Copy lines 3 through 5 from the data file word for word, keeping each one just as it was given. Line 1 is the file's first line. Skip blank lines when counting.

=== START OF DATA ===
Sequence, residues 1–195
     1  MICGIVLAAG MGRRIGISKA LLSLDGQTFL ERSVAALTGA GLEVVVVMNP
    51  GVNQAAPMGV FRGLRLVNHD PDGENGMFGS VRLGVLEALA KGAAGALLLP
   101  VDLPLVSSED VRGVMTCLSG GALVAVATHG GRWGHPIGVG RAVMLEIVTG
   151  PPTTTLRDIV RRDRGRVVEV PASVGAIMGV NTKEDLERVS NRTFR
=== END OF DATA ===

    51  GVNQAAPMGV FRGLRLVNHD PDGENGMFGS VRLGVLEALA KGAAGALLLP
   101  VDLPLVSSED VRGVMTCLSG GALVAVATHG GRWGHPIGVG RAVMLEIVTG
   151  PPTTTLRDIV RRDRGRVVEV PASVGAIMGV NTKEDLERVS NRTFR